Our August 2020 House Price Index revealed prices continued to climb. Our director of research and insight, on what the next few months could have in store.

Q. Why are house prices holding firm against a gloomy economic backdrop? 

A. Buyer demand continues to run ahead of the supply of homes for sale, and this imbalance is supporting 2.6% annual growth rate in UK house prices. 

Buyer appetite is 39% higher than at this stage last year. Existing homeowners are becoming increasingly active in the housing market, driven by a once-in-a-lifetime re-evaluation of their home and lifestyle as a result of the pandemic. And although first-time buyer appetite has softened a little, it remains well above 2019 levels.

In addition, the government’s stamp duty holiday has fuelled demand, with nine out of 10 buyers paying no stamp duty at all, saving them an average of £4,500.

And let’s not forget there are few forced sellers because the furlough scheme and mortgage payment holidays are supporting homeowners.

However, the impact of Covid-19 is being felt in the rental market in central London in particular. 

International and national travel and tourism numbers are down, with London airports operating at reduced capacity. You only have to look at Heathrow Airport’s announcement in August, which reported an 88% plunge in July passenger numbers. 

This weaker demand is putting downward pressure on rental growth.

Q. Where are house prices growing the most and why?

A. Our House Price Index shows that the headline growth rate is holding steady at 2.6%. 

But at a city level, Nottingham and Manchester are recording annual house price growth of more than 4%, demonstrating the strength of the cities’ local economies and affordability.

There’s a definite strength in cities in northern England and Scotland, with Leeds, Edinburgh, Leicester, Liverpool, Cardiff and Sheffield all registering annual house price growth between 3% and 4%.

Q. The index has revealed that homeowners are set to overtake first-time buyers (FTBs) as the driving force of the housing market. Why is that? 

A. Yes, first-time buyers have been the driving force for housing sales over the last decade. They’ve been supported by government initiatives, such as Help to Buy. And they’ve also benefitted from increased availability of higher loan-to-value (LTV) mortgages, as lenders sought to grow this sector in the last three to four years.

But this is set to change as we move into 2021. First-time buyers are now being squeezed by restricted mortgage availability, particularly at high loan-to-values, and growing economic uncertainty, making it harder for them to get onto the housing ladder.

Meanwhile, homeowner appetite to sell up and buy elsewhere is rising as the pandemic forces them to re-evaluate their housing requirements. These buyers tend to be equity-rich, with little or no mortgage, making affordability less of a barrier to moving.

Q. Where are FTBs most likely to be impacted by headwinds in the housing market and why?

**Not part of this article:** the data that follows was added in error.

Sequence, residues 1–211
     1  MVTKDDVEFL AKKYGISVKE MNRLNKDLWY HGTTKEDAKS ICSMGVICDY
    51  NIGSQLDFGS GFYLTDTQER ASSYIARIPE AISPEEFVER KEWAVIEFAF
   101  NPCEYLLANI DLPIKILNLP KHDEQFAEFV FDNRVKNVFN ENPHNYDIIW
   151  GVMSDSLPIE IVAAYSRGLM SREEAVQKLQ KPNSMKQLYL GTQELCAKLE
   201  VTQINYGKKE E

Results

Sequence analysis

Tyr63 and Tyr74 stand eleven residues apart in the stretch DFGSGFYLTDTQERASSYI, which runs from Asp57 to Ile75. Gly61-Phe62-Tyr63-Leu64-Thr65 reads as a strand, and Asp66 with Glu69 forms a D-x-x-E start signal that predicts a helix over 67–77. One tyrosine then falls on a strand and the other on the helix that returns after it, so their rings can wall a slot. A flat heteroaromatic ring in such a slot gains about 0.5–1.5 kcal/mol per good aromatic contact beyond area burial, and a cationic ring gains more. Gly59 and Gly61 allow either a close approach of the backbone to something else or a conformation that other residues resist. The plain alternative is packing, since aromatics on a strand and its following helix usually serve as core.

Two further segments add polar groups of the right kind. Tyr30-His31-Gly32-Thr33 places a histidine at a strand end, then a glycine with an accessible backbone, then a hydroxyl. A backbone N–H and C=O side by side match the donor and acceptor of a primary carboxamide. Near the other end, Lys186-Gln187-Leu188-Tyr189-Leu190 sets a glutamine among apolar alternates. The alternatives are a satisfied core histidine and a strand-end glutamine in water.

A. Weakening first-time buyer demand is being driven in large part by the reduced availability of mortgages at, or over 90% LTV. 

But the reliance on high LTV mortgages is not uniform. High LTV lending is most accessible in areas with average or below-average house prices – and so this is where we expect first-time buyer demand to be more affected moving forward.

That’s not to say that London is immune to the effects of reduced LTV lending. And the need for large deposits and a search for space, spurred on by lockdown, may lead to more and more first-time buyers looking outside the capital for their first home.

Q. How will the government’s new restrictions impact the housing market?

A. We’ve already seen how lockdown led to people carrying out a once-in-a-lifetime re-evaluation of their homes and lifestyles, with a focus on prioritising space. And the latest restrictions will continue to support this trend – particularly for those who are more financially secure. 

Q. What do you think the rest of the year holds?

A. We’ve seen more homeowners looking to move home – and this has contributed to sales inventory being 10% higher than a year ago. A greater supply of homes for sale increases choice for buyers, weakening competition, and this will in turn keep house price growth in check.

But although demand has been very strong, it is unsustainable. It’s inevitable that demand will slow down. 

The level of housing sales this year is set to be 15% lower than in 2019 because the housing market simply cannot make up all the ground lost when it was shut during lockdown. 

Q. How is 2021 shaping up for the housing market?

A. There’s typically a three to four month time lag between sales being agreed and completion so today’s deals will run into next year. With buyer demand 39% above the same time period last year, the first few months of 2021 are set to be very busy.

However, the housing market is not immune to wider political issues and economic forces. The continuing Brexit negotiations, the end of the furlough scheme, and the prospect of rising unemployment – these are just some of the factors that will no doubt impact the housing market in the months ahead.